Sanford in 2008 as a member of the Vancouver Canucks.
October 5, 1979 |
Owen Sound, ON, CAN
|Height||5 ft 10 in (178 cm)|
|Weight||190 lb (86 kg; 13 st 8 lb)|
|Played for||St. Louis Blues
Columbus Blue Jackets
Curtis Sanford (born October 5, 1979) is a Canadian former professional ice hockey goaltender who last played for Lokomotiv Yaroslavl of the Kontinental Hockey League. He previously played in the National Hockey League (NHL) with the St. Louis Blues, Vancouver Canucks, and Columbus Blue Jackets.
Sanford played junior hockey for the Wiarton Wolves of the Western Junior C Hockey League, the Collingwood Blues of the Ontario Provincial Junior A Hockey League (OPJHL), the Owen Sound Greys of the Midwestern Junior B Hockey League, and the Owen Sound Platers of the Ontario Hockey League (OHL) before turning pro.
Undrafted out of junior, he was picked up as a free agent by the St. Louis Blues after his final year with the Platers in 2000 and spent his first five seasons in the club's farm system between the Peoria Rivermen of the East Coast Hockey League (ECHL) and Worcester IceCats of the American Hockey League (AHL). Sanford earned a call-up with the Blues during the 2002–03 season after injuries to goaltenders Fred Brathwaite and Brent Johnson in October. He played in his first game when fellow rookie call-up Reinhard Divis also went down with an injury after the first period on October 17, 2002 against the Columbus Blue Jackets. He made 12 saves in relief in a 7–1 victory for the Blues. Sanford briefly earned the starting position in the absence of the Blues' usual goaltenders before going down with an injury himself, a high-ankle sprain, on October 24 against the Edmonton Oilers. He returned to start in several more games and posted a 5–1 record and a 1.96 GAA in his first stint with the Blues before being returned to Worcester.
In 2005–06, Sanford appeared poised to play backup to the recently acquired Patrick Lalime. However, as Lalime struggled, Sanford seized the starting position and was having a career year until going down with a sprained ACL in his left knee in March. Before missing the remainder of the season, Sanford had a 13-13-5 record with a 2.66 GAA and .908 save percentage. The Blues finished in last place that year. Recovered from his knee injury, Sanford returned the next season and competed with Manny Legace for the starting position. In November, he was sidelined for several games with a groin strain, then re-injured his groin in December, missing an extended period of time. Sanford returned to complete the season but saw his numbers decrease to an 8-12-5 record with a 3.18 GAA and .888 save percentage.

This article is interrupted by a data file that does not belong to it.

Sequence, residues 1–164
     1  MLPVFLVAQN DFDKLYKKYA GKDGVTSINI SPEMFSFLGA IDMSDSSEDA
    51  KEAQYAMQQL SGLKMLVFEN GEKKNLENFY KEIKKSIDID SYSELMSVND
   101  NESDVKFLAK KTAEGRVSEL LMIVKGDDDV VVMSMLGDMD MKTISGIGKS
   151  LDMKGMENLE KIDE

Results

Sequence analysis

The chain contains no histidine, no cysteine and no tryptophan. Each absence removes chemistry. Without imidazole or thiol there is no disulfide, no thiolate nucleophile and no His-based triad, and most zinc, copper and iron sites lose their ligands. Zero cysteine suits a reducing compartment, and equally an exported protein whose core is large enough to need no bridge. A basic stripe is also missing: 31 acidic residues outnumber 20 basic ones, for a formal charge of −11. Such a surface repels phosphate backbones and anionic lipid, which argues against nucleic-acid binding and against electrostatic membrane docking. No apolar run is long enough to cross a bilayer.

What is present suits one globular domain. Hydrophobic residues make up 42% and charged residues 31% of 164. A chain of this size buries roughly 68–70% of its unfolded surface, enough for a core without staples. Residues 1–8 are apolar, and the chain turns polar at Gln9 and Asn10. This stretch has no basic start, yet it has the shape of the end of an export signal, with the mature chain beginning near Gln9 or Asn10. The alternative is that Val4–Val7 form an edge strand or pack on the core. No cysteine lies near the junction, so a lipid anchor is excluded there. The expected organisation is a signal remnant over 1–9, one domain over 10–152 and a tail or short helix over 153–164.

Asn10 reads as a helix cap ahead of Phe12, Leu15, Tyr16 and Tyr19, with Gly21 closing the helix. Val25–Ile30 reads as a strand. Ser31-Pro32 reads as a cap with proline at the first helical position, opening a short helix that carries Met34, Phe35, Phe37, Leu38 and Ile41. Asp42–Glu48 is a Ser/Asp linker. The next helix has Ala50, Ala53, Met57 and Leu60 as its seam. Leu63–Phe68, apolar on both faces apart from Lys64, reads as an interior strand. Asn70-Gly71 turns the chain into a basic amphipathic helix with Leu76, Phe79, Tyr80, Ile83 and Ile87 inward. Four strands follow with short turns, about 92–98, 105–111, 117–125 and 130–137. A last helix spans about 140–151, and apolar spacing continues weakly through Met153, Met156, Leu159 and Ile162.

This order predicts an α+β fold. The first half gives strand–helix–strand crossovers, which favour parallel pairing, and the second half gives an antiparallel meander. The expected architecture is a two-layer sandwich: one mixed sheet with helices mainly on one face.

Sanford became an unrestricted free agent in the off-season and on July 3, 2007, the Vancouver Canucks signed Sanford to a one-year, $600,000 contract to back up starting goaltender Roberto Luongo. He appeared in 16 games in the 2007–08 season, filling in for Luongo mostly in light of his rib injury in December. Posting a 2.83 GAA, he was re-signed to another one-year deal worth $650,000 by the Canucks on July 3, 2008.
Before the start of the 2008–09 season, Sanford and the Canucks held a contest challenging fans to submit artwork for a new mask design. This was to go along with his new nickname of "The Big C.S." Sanford's nickname, "the Sandman", inspired his previous mask designs. As Luongo went down with a groin injury in late November, Sanford assumed the starting position. However, Sanford himself became prone to injury and suffered back spasms in a game against the Columbus Blue Jackets on December 1, 2008, before being placed on injured reserve with a groin injury on December 30. With the subsequent acquisition of Jason LaBarbera and the imminent return of Luongo, he was placed on waivers by the Canucks on January 14, 2009. Clearing waivers, Sanford was assigned to the Manitoba Moose of the AHL, where he completed the season.